EU unveils its vision for the future of monetary union

Europgroup's Herman Van Rompuy and Jose Manuel Barroso from the European Commission
Image caption The ideas are backed by the Eurogroup's Herman Van Rompuy and Jose Manuel Barroso from the European Commission

European authorities have unveiled their vision for the future, which gives them much greater powers.

It includes the creation of a European treasury, which would have powers over national budgets.

European Commission President Jose Manuel Barroso said it was "a defining moment for European integration".

The 10-year plan is designed to strengthen the eurozone and prevent future crises, but critics say it will not address current debt problems.

This week, some markets fell sharply on fears that leaders at the EU summit on Thursday and Friday would fail to agree immediate measures to try to stem the current crisis, which has now engulfed five eurozone members.

Spain is negotiating the terms of loans worth up to 100bn euros for its banks, and the new Greek government wants to ease the terms of its huge bailout.

The governor of the Bank of England, Sir Mervyn King, expressed concern about the recent response of European authorities.

"I am pessimistic. I am particularly concerned because over two years now we have seen the situation in the euro area get worse and the problem being pushed down the road," he said, while appearing at a parliamentary hearing.

The latest document , titled Towards a Genuine Economic and Monetary Union, was released by European Council President Herman Van Rompuy and was drawn up with the presidents of the European Commission, the Eurogroup and the European Central Bank.

Eurogroup president Mr Van Rompuy said it was "not meant to be a final blueprint", but that he expected "to reach a common understanding amongst us on the way forward" at the EU summit.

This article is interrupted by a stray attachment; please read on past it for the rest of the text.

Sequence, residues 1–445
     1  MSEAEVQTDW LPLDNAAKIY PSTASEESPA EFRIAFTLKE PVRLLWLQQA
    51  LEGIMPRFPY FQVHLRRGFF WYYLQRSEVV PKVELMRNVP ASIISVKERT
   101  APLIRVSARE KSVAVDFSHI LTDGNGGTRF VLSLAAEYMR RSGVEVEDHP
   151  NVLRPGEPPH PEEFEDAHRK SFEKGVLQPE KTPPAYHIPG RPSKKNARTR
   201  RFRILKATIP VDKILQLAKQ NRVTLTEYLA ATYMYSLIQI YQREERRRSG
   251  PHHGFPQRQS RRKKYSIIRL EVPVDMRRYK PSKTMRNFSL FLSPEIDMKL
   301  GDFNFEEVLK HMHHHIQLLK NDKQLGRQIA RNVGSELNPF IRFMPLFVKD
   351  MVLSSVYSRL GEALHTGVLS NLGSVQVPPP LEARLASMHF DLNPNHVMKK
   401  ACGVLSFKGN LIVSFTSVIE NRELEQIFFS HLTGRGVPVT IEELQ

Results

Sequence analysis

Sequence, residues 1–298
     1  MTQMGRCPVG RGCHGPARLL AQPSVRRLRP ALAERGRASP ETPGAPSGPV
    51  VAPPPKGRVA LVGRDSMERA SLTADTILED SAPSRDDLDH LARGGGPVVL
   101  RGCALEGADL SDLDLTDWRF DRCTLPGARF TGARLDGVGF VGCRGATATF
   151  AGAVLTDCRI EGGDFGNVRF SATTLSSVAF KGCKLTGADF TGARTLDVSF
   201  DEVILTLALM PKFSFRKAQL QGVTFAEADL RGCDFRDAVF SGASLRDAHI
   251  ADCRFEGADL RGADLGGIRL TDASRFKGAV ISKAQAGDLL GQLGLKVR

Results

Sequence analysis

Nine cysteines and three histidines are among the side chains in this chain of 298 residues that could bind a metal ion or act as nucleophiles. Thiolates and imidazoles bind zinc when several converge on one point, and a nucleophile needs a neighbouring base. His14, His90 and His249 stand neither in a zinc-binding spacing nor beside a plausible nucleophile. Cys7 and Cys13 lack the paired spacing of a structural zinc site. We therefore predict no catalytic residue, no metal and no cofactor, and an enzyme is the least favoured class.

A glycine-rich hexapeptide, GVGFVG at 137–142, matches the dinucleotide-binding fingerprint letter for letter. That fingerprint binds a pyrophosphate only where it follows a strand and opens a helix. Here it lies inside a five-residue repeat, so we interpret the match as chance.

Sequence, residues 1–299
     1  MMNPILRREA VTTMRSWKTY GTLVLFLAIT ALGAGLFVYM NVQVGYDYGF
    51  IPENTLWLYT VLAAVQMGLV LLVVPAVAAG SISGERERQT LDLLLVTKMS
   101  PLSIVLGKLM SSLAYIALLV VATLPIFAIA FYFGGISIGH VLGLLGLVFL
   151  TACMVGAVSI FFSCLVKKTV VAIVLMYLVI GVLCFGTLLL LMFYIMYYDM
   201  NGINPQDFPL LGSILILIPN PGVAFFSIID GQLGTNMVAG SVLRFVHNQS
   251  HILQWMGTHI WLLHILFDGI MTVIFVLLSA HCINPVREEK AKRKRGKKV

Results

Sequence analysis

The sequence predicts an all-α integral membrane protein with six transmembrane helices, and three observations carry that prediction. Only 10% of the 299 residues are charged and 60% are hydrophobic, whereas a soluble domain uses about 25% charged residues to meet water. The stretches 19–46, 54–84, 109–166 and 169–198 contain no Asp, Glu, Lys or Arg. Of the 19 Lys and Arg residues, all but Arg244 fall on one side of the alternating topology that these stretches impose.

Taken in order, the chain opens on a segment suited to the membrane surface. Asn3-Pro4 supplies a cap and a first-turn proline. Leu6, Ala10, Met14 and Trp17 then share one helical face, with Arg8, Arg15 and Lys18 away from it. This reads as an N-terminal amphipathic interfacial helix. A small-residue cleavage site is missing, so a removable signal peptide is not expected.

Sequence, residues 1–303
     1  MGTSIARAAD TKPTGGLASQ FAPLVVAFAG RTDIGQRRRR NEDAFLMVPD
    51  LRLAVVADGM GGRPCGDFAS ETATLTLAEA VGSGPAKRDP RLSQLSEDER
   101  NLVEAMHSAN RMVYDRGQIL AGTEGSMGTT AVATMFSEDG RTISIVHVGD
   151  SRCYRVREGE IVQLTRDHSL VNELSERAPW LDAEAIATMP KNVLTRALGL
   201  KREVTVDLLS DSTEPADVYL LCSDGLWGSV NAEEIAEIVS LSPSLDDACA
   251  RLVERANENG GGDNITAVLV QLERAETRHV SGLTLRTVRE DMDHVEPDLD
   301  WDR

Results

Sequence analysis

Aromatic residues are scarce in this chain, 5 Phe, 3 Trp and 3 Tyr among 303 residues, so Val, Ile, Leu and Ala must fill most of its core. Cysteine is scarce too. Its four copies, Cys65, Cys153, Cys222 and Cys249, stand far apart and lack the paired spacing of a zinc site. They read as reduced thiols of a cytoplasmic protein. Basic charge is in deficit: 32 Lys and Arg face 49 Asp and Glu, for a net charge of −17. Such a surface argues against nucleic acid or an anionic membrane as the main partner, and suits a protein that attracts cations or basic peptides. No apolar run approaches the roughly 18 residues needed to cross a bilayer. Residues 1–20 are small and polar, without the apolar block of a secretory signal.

European Commission President Jose Manuel Barroso said the guiding principle was that "greater solidarity and greater responsibility must go hand in hand".

Proposals in the report included:

  • Limits on the amount of debt individual countries can take on
  • Annual national budgets can be vetoed if they are likely to mean a country exceeding its debt limits
  • The eurozone borrowing money collectively "could be explored"
  • A European treasury office to be set up to control a central budget and keep an eye on national ones
  • A single European banking regulator and a common scheme guaranteeing bank deposits
  • Common policies on employment regulations and levels of taxation
  • Joint decision-making with national parliaments to give it "democratic legitimacy"

One of the big changes under the new proposals is that while in the past eurozone members had to keep their budget deficits below a certain level, a European treasury would be able to force them to make changes to their budgets to keep their deficits down.

Earlier, German Finance Minister Wolfgang Schaeuble also called for there to be a European finance minister, with the power to veto national budgets as well as an elected president of Europe.

The document said greater fiscal union could lead to common debt being issued by eurozone countries.

Eurobonds, as they are known, would help weaker countries such as Spain borrow more cheaply, but they have so far been resisted in Germany, as they require stronger countries to take on the risk.

"By beginning with pooling of debt, we're heading toward a dead end," said Germany's deputy foreign minister Michael Link.

Chancellor Angela Merkel, who this week described eurobonds as "counterproductive", may have gone further on Tuesday. According to one account given to a news agency, she told a political meeting that that would be no shared debt "as long as I live".

French Finance Minister Pierre Moscovici has said leaders at this week's summit should, "lay the groundwork for the second phase of the euro".

As BBC Europe editor Gavin Hewitt points out, the area's two biggest economies "are on different pages" about how to fix the crisis.

"It has generally been true that the European project has been driven forward when France and Germany are in step.

"They are not at the moment. There is a deep philosophical and political divide between them," our correspondent says.

Others were also sceptical about what might be achieved at the summit.

"The EU summit will likely produce re-hashed plans for closer fiscal integration and a banking union but without any substantive detail of how it will actually be put into practice," said analyst Neil MacKinnon of VTB Capital.